Lawyer, politician, and university president, Janet Napolitano’s career would be remarkable even without a string of glass ceiling-shattering firsts. Born in New York City, Napolitano headed out west to Albuquerque with her family after her father accepted a position as the dean of the University of New Mexico School of Medicine.
Napolitano eventually moved to California to study political science at Santa Clarita University, where she won a prestigious Truman Scholarship and graduated as valedictorian of her class—the first woman to ever do so. In 1991, Napolitano began her career in law, most notably with Anita Hill, serving as an attorney on a sexual harassment case where the defendant alleged abuse at the hands of U.S. Supreme Court Justice Clarence Thomas. Her stellar work on this case was noticed by President Bill Clinton, who appointed her United States Attorney for the District of Arizona in 1993.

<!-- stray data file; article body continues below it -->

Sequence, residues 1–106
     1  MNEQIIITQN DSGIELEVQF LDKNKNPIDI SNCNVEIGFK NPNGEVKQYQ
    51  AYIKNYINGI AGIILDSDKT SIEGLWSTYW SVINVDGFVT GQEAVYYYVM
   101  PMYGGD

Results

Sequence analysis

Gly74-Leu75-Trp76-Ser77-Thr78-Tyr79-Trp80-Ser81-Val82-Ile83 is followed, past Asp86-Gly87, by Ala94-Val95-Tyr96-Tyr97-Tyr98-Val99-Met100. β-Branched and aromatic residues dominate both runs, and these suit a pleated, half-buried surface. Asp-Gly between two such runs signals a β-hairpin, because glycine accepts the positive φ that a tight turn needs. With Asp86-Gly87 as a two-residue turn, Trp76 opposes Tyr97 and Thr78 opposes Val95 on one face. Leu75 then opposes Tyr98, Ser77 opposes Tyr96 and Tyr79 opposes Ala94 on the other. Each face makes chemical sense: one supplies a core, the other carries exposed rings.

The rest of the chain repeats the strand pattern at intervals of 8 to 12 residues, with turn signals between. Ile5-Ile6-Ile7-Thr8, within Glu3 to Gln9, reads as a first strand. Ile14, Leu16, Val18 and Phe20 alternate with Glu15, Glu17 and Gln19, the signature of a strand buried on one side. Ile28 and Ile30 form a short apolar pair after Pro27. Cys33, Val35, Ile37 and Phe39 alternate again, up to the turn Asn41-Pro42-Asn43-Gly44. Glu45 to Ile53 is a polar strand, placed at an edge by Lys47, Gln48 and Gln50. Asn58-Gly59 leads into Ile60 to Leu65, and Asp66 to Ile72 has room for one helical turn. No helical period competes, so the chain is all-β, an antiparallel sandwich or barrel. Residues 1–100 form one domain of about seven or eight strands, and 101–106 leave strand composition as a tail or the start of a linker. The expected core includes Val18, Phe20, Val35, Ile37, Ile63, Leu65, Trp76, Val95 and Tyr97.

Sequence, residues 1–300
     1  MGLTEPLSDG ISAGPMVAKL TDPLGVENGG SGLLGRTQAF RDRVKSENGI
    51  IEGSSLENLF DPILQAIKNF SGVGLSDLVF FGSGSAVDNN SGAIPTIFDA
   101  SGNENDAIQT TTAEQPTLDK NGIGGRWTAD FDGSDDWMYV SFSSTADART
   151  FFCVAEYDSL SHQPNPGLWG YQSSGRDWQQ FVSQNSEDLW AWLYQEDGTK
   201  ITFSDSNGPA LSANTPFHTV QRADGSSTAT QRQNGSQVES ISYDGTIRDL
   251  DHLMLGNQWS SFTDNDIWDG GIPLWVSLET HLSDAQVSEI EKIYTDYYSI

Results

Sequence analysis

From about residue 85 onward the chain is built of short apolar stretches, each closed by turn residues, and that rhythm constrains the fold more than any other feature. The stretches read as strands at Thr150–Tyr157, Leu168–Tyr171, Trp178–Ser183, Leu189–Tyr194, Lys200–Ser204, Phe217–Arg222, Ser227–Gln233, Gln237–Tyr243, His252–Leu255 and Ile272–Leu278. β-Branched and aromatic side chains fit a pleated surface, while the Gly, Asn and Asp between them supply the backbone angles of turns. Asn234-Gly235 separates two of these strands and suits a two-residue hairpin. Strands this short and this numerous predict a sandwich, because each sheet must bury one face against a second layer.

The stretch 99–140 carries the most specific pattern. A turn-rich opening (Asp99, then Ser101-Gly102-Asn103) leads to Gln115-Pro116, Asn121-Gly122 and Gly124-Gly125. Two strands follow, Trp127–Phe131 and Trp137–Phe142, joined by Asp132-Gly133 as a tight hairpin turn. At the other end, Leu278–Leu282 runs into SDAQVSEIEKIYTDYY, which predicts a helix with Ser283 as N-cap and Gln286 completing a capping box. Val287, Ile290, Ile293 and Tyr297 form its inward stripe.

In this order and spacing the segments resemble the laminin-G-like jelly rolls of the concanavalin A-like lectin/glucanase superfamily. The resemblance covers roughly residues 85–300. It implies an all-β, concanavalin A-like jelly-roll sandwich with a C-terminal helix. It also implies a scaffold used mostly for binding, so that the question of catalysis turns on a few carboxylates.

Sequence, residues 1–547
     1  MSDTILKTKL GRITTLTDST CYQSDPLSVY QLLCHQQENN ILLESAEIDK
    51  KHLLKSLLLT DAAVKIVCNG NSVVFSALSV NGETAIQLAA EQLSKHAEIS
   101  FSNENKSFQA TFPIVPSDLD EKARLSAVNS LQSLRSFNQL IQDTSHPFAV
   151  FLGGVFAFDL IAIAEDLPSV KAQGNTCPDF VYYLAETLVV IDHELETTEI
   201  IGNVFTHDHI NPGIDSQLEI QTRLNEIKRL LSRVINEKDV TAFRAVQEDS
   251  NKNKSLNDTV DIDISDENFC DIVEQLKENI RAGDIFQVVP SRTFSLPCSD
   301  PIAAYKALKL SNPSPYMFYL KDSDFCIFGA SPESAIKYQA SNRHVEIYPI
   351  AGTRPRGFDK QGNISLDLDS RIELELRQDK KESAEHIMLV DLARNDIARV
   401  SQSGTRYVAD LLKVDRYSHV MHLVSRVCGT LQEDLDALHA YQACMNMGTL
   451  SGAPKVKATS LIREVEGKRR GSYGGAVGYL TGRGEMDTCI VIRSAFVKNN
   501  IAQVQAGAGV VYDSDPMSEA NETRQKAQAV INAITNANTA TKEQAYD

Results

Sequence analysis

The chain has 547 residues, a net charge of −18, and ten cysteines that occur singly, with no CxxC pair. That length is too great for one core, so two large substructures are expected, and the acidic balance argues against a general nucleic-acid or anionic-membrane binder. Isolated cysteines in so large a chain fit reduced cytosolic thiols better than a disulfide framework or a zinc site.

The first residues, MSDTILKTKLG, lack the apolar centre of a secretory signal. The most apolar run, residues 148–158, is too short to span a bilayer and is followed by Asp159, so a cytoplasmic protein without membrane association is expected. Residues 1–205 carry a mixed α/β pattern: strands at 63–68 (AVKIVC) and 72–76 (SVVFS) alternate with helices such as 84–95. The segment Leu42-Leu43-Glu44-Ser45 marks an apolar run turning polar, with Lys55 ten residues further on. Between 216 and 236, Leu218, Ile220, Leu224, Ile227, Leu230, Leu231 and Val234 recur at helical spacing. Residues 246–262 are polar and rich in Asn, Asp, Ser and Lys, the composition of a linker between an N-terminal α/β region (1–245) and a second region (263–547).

Later, she became Arizona’s Attorney General made notable improvements in the state’s law enforcement. Her sights set even higher, Napolitano won the race for Governor of Arizona in 2002. During her time in that role, she focused primarily on education and literacy initiatives, as well as raising teachers’ salaries. Her efforts to improve the state won her the Woodrow Wilson Award for Public Service in 2006.
In 2009, Napolitano was selected as Director of Homeland Security, becoming the first woman to serve in that role. A proponent of immigration reform, she developed the Deferred Action for Childhood Arrivals program, or DACA, which expanded on the rights of immigrant children who were temporarily protected under the DREAM Act.
In 2013, Napolitano left the Department of Homeland Security to accept the position of President at the University of California. Once again, she was the first woman to hold this role. She was recently appointed to the RAND corporation’s Board of Trustees.